Being the Godfather of House is a full-time job – you don’t rest for holidays. So it is for Frankie Knuckles, the 55-year-old Chicago DJ whose 30-odd year career first flourished in the early 1980s when he helped to form the musical blueprint for modern house music.

Knuckles, who will play this Sunday at The Roxy 6 Waterfront Place Station Pier in Port Melbourne, last visited Australia only two months ago when he played a white party in Tokyo on Christmas day before jetting into Sydney in time to play a New Year’s Eve party.

“I don’t have children and my favourite holiday is Thanksgiving, which I make sure I celebrate. I don’t miss out on much,” he told the Star Observer of his taxing festive schedule.

The DJ said he had a “long-term relationship” with Australia, having visited our shores virtually every year since 1989. He promised that fans heading to this weekend’s gig could expect a classic Knuckles set.

“They’re going to get me being myself. I like to think I’m at the point in my career where that’s what people come wanting to hear. You know, if you go to a party and the music is familiar to you, it’s enough to make you feel comfortable and relaxed,” he said.

The openly gay Knuckles, who got his start in the late ‘70s playing the Continental Baths — the same gay bathhouse that launched Bette Midler’s career — acknowledged the tendency of many of today’s queer musical acts, from the Scissor Sisters to Hercules & Love Affair (whose own Blind he remixed), to hark back to those earlier days of gay life.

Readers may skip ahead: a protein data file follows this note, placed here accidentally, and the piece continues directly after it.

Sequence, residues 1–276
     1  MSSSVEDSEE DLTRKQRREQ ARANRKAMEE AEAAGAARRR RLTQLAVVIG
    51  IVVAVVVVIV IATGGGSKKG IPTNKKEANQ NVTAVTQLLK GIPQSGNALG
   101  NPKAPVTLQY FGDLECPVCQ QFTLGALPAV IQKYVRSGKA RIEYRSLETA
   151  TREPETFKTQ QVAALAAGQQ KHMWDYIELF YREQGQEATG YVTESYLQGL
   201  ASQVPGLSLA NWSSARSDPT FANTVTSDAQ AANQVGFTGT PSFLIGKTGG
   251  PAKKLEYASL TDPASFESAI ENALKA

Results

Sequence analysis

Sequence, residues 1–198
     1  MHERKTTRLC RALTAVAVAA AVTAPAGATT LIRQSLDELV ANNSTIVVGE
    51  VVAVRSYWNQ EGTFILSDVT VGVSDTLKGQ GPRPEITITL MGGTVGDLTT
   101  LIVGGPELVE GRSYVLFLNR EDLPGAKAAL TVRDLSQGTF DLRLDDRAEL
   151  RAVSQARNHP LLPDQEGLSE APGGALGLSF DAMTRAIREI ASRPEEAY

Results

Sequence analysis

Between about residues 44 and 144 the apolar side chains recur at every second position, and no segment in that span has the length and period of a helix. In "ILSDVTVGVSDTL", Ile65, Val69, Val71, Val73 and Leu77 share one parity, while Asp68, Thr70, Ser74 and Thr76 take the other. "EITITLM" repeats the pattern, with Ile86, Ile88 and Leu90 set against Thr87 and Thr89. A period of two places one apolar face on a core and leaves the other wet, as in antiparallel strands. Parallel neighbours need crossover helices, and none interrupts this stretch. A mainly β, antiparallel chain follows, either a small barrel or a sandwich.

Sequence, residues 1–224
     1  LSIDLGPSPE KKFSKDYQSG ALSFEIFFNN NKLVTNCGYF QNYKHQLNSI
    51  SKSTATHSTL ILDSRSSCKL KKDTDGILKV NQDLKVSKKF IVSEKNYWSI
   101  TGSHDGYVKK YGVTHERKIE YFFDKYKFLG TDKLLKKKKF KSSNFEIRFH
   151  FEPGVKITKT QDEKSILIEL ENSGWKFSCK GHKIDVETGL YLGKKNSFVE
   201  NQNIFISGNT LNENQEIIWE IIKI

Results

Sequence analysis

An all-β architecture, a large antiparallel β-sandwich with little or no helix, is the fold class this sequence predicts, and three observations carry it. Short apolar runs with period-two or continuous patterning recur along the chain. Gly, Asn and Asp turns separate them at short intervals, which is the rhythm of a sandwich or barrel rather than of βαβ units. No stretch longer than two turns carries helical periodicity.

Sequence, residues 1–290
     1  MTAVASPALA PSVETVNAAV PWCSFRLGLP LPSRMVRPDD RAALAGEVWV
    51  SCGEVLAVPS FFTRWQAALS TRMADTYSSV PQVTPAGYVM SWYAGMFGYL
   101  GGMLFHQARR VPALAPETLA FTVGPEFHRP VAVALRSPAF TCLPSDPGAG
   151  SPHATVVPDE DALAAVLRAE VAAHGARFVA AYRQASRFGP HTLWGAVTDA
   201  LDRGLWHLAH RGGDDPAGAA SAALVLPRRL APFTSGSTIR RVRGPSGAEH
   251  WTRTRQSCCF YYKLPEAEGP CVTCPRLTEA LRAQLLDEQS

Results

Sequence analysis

“With DJ culture, the music’s moved so far away from its nucleus and there are only a handful of us trying to keep it close to its roots. I notice with younger people now, there’s a real romanticism for anything that comes from back in the day – the ‘70s, the golden age of house. A lot of DJs out there are trying to reinvent the wheel. Well, there’s nothing wrong with the wheel,” he laughed.

“They might come up with something that’s catchy for the moment, but that’s just it — it’s for the moment. People tire of that and start listening to the older, classic stuff again.”

And he’ll be bringing plenty of classics with him to Australia. Throughout his career, Knuckles has been personally chosen by artists such as Michael Jackson, Toni Braxton and Whitney Houston to remix their hits. But he’s not afraid to allow for some breathing space between all those house classics.

“I think it’s essential to give the dance floor a chance to catch up to itself. Not everything has to be running at 130 beats per minute. I try and keep it like a house party, and what happens at a house party? You might hear a little bit of jazz, some soul, some rock. A bit of everything.”

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